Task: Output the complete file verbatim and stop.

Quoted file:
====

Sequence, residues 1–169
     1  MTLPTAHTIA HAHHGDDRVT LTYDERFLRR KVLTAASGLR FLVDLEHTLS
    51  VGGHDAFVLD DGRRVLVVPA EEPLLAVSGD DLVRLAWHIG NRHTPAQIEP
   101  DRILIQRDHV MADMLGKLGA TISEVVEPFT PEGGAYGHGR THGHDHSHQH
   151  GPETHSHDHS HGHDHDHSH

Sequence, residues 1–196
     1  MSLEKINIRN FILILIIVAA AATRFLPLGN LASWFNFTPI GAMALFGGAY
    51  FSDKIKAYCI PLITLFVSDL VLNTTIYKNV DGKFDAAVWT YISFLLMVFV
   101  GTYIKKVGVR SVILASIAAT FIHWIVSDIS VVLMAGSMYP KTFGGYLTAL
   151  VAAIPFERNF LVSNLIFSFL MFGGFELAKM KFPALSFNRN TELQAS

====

Sequence, residues 1–169
     1  MTLPTAHTIA HAHHGDDRVT LTYDERFLRR KVLTAASGLR FLVDLEHTLS
    51  VGGHDAFVLD DGRRVLVVPA EEPLLAVSGD DLVRLAWHIG NRHTPAQIEP
   101  DRILIQRDHV MADMLGKLGA TISEVVEPFT PEGGAYGHGR THGHDHSHQH
   151  GPETHSHDHS HGHDHDHSH

Sequence, residues 1–196
     1  MSLEKINIRN FILILIIVAA AATRFLPLGN LASWFNFTPI GAMALFGGAY
    51  FSDKIKAYCI PLITLFVSDL VLNTTIYKNV DGKFDAAVWT YISFLLMVFV
   101  GTYIKKVGVR SVILASIAAT FIHWIVSDIS VVLMAGSMYP KTFGGYLTAL
   151  VAAIPFERNF LVSNLIFSFL MFGGFELAKM KFPALSFNRN TELQAS